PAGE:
individuals that make up consumer engagement.
This thesis combines psychological theories and marketing strategies to bring
together the main ideas of consumer psychology. The fundamental elements
accentuated in the theoretical framework are: Internal influences, which consists of
perception, attention and interpretation. These topics cover an imperative role in
explaining the dimensions of the perceptual process and the effect of marketing
Motivation, Personality and Emotions is the second topic that presents a
psychological perspective on the motivation process, an insight into differences in
consumer personality and the effect of emotions.
The final subject provides a thorough outlook on attitudes by examining their
formation, functional theories and change strategies involved with the Affective,
Behavioural and Cognitive (ABC) model. The aim of my thesis is to outline the core
elements of consumer psychology in order to better understand this
interdisciplinary subject and attempt to provide an insight into the ways marketers
can influence consumer decisions.
1 INTERNAL INFLUENCES
2.1 The nature of Perception
The Internal influences that have effect on consumer behaviour consist of an
individual’s perception, learning, memory, motives, personality, emotions and
attitudes. (Hawkins & Mothersbaugh, 2010, 274-275).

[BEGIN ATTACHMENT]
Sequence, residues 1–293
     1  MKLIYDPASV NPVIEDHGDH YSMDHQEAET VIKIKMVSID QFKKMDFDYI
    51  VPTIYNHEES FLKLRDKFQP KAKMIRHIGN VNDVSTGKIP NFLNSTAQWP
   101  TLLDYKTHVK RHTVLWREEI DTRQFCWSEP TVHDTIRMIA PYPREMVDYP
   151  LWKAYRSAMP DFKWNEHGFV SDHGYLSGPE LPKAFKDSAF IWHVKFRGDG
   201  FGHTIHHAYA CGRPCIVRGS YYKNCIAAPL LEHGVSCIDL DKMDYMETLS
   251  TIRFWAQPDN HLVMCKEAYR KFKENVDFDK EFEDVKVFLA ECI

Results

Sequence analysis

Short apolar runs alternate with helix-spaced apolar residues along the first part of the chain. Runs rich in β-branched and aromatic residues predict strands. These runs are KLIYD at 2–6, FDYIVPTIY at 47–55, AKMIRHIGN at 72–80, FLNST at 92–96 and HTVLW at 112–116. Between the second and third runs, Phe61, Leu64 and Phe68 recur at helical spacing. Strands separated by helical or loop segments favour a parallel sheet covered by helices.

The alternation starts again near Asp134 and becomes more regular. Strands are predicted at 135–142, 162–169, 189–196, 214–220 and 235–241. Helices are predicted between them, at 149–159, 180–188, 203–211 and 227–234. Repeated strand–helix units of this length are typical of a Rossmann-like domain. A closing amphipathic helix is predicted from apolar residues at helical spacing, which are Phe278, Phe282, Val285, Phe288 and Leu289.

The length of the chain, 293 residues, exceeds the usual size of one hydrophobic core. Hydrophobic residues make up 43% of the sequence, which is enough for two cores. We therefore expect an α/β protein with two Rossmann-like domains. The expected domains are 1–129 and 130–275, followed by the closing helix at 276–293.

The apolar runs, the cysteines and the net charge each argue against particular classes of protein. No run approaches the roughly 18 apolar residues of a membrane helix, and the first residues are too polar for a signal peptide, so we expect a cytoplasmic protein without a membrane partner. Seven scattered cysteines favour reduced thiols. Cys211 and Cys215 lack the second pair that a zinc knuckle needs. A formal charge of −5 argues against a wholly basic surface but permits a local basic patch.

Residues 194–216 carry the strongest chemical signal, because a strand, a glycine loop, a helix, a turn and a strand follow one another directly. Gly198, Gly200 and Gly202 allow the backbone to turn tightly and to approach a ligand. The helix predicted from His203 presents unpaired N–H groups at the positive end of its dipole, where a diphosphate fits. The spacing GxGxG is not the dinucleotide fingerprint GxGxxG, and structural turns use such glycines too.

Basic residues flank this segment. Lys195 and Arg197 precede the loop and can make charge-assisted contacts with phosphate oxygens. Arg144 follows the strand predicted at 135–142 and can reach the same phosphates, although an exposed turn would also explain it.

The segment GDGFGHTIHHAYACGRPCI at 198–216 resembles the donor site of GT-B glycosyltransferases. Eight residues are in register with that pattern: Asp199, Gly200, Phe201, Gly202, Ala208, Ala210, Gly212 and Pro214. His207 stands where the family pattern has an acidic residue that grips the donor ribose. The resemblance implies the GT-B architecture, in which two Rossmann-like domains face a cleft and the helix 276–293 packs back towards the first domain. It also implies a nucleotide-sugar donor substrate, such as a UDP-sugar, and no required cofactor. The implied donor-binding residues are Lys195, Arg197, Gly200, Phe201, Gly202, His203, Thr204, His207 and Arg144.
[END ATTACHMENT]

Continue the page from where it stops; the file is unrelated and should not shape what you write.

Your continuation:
Perception plays a major role in the processing of information and consumer
decision making. It begins with consumer exposure and attention to marketing
stimuli and ends with interpretation. These three stages make up the process of
perception. Graph 1 provides and overview of the perceptual process.
GRAPH 1. Information Processing (Adapted from Hawkins & Mothersbaugh,
There is a very small amount of information that the consumer processes during the
stages of exposure and attention which make these stages highly selective.
The stimuli that does enter the conscience is not processed objectively. The meaning
of the stimulus is interpreted differently from person to person and is influenced by
unique biases, needs and experiences. (Solomon, Bamossy, Askegaard & Hogg,
2010) In order for a marketer to communicate their brand or products message
effectively to the consumer, it is important for them to understand the nature of
perception. Information processing is a process whereby stimuli is perceived,
transformed into meaningful information and then stored. As seen in Graph 1 the
process begins with exposure which is when stimulus such as an advertisement
leads to an immediate response of sensory receptors (e.g. sight, smell, hearing, touch
etc.) We process raw data, however perception focuses on what an individual takes
away from these sensations and what meaning they assign to them. (Solomon, et al.
Due to the subjective nature of perception, it is vital the message the marketer is
aiming to achieve is portrayed in a very clear manner so that the consumer does not
interpret the advertisement incorrectly. An example of a controversial
advertisement was an image taken as an ad for Benetton of a black man and a white
man handcuffed. This ad was interpreted by its consumers as racist as it was
perceived falsely. The consumer’s prior assumptions influenced this opinion which
shaped the advertisements meaning to them. In this way it is paramount to take into
consideration the sensitivity of the design and selection of the advertisement in
order to avoid controversial interpretation.
This then brings us to selective exposure. One factor that determines how much
exposure to a certain stimulus a person accepts is experience. The past experiences
of an individual influences the perceptual filters and impacts what the consumer
chooses to process. (Solomon, et al. 2010). A major factor of the selective exposure
is perceptual vigilance.